Gold 2.0: Is bitcoin the modern precious metal?
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With the total market value of cryptocurrencies surpassing the $1 trillion mark this year, it is becoming increasingly clear that digital assets will play a significant role in the future of finance. The question that now hangs in the air is whether they can replace precious metals as safe-haven assets.
Gold has served as money for thousands of years, but in the relatively young history of the modern financial system, it has assumed the role of a strategic asset that investors can turn to in times of crisis. Its allure is mostly rooted in its stability, mainly as it functions as a hedge against rising inflation and economic instability.
However, as of late, cryptocurrencies like Bitcoin seem to be filling a similar role. Investors have cited Bitcoin’s decentralized quality as a positive model to protect against the challenging nature of global monetary policy, acting as both a store of value and an investment asset.
Bitcoin has been on a rollercoaster ride since its inception, but 2020 was a year the market saw significant upward momentum. Some analysts now believe the cryptocurrency price will surge to the $100,000 mark by the end of 2021, as it presents a serious alternative to fiat currencies, similar to gold. With the world moving further away from traditional currencies and towards alternative assets, gold and bitcoin are now correlated like never before.
“Initially pulled lower by the ebbing stock-market tide, Bitcoin’s correlation to gold has increased to all-time highs,” according to a report published by Bloomberg in the spring of 2020. “Unprecedented quantitative easing supports the quasi currencies.”
All Eyes On Bitcoin
The 2017 Bitcoin rally may have been the first time we saw institutional investors acknowledge the cryptocurrency as a competitor to gold, but 2020 represented something different: it was the first time we saw them actively advocate for the digital asset.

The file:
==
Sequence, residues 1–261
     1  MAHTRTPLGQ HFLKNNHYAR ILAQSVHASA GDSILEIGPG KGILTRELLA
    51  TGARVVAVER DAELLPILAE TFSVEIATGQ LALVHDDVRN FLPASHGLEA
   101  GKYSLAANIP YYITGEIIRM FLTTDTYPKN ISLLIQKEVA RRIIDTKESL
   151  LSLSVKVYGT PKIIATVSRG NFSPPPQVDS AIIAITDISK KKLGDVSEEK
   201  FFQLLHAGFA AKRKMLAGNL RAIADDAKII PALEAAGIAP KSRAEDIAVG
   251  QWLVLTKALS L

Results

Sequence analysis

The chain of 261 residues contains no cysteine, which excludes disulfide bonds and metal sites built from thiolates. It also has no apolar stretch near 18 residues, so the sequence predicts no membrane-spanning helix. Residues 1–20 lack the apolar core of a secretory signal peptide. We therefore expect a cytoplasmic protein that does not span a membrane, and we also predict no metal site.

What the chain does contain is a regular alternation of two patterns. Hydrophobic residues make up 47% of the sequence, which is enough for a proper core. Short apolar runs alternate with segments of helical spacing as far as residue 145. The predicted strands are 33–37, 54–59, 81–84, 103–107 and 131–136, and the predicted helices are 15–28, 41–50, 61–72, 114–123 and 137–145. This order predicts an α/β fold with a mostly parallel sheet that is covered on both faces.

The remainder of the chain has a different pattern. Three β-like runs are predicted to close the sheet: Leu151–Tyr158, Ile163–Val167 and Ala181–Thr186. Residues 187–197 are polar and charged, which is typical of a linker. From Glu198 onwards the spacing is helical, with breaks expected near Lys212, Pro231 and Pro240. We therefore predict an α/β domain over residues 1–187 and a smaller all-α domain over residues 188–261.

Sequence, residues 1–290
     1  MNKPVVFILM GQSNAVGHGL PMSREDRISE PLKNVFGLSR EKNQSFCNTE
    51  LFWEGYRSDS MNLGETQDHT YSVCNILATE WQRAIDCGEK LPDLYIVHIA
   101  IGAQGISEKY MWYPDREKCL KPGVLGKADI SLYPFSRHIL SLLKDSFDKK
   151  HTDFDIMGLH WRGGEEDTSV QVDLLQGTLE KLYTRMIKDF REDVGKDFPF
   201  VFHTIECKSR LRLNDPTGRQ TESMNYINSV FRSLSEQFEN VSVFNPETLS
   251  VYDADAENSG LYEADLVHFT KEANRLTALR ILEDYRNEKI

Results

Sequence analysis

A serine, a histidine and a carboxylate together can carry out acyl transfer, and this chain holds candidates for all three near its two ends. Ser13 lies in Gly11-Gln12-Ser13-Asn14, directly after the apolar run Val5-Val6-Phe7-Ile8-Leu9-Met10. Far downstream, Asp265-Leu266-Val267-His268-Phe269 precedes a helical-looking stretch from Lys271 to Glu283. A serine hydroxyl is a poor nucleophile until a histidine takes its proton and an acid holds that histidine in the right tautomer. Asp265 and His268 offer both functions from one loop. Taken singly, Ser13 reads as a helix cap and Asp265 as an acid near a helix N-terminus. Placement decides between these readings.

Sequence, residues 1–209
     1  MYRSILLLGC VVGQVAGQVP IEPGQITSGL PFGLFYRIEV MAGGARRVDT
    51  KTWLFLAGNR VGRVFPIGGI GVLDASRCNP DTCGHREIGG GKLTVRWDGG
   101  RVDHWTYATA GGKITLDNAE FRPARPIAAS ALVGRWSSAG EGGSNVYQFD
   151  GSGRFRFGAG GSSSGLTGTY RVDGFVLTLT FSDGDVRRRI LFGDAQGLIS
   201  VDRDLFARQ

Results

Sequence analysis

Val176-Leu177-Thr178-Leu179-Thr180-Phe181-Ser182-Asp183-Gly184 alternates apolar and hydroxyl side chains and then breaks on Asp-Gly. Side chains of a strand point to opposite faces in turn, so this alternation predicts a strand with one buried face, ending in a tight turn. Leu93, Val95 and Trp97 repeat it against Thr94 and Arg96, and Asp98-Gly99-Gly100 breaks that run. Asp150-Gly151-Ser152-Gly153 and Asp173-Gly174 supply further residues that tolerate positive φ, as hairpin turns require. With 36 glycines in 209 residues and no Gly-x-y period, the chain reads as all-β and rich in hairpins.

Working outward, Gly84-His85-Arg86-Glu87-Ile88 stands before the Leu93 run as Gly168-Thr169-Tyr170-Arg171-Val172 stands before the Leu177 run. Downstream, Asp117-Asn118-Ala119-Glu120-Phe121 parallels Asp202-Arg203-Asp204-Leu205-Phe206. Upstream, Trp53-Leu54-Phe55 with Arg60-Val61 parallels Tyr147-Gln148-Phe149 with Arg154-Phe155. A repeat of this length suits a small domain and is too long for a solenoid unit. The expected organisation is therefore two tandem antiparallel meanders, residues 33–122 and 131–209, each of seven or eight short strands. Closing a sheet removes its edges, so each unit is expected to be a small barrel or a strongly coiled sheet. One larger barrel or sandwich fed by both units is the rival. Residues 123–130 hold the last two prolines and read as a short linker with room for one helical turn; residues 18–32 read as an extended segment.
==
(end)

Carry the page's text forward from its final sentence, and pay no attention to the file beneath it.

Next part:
“The types of investors in this bull run are very different,” said crypto-exchange Gemini’s Tyler Winklevoss in a recent interview with CNBC. “They’re super sophisticated, institutional investors like legendary Paul Tudor Jones [and] Stan Druckenmiller, and they believe in the gold thesis for Bitcoin.”
And it’s not just individual investors. Last month, JP Morgan weighed in on Bitcoin’s long-term prospects, stating that the digital asset’s upward potential will come at the expense of gold’s current reign as the supreme safe haven. The statement comes just three years after CEO Jamie Dimon declared the cryptocurrency a fraud, a shift in sentiment similar to that of other members of the traditional financial establishment that are now backpedaling on earlier cynicism.
“The adoption of Bitcoin by institutional investors has only begun, while for gold its adoption by institutional investors is very advanced,” the JPM strategists wrote. “If this medium to longer term thesis proves right, the price of gold would suffer from a structural flow headwind in the coming years.”
Bitcoin Vs. Gold: Back To Basics
To understand how the two alternative currencies compete, it’s important to assess their individual strengths and weaknesses.
Gold is a physical asset, one that is virtually indestructible due to its resistance and durability. For years, it has retained and maintained its value, making it a low-risk investment vehicle to diversify any healthy portfolio. Beyond that, the metal is an integral component for a variety of industry-specific tools, ranging from dental equipment to electronics, leading many to believe it will preserve its instrumental role in modern society.
However, the metal in its physical form is not the most practical medium of exchange. Because of its high density, it is not an easy asset to transport, leaving goldbugs to rely on bullion storage systems to house reserves. Moreover, the high costs of premiums means that buyers end up spending much more than the spot price to obtain their gold.
On the other hand, Bitcoin is a digital asset that lives on the blockchain, one that does not have a real-life equivalent with an inherent value attached. Its value is instead based on investor demand, leading it to be much more volatile than its counterpart. Because it is based on distributed ledger technology, all transactions are stored permanently and publicly, easily traceable and arguably more transparent.
As a cryptocurrency, Bitcoin is more practical as a medium of exchange, spendable through virtual wallets. And, with CoinPayments’ processing fees as low as 0.5%, there is a growing merchant base that is accepting payments with cryptocurrencies.
Fool’s Gold or Digital Gold?
What was once widely considered to be a mere bubble has now solidified its role in the new economy, reconfiguring the way people conduct business, trade, and finance. Cases can be made for either gold or digital assets like bitcoin to be the superior safe havens, but there is definitely room in the modern world for these assets to coexist, each serving its own unique purpose with their distinctive qualities.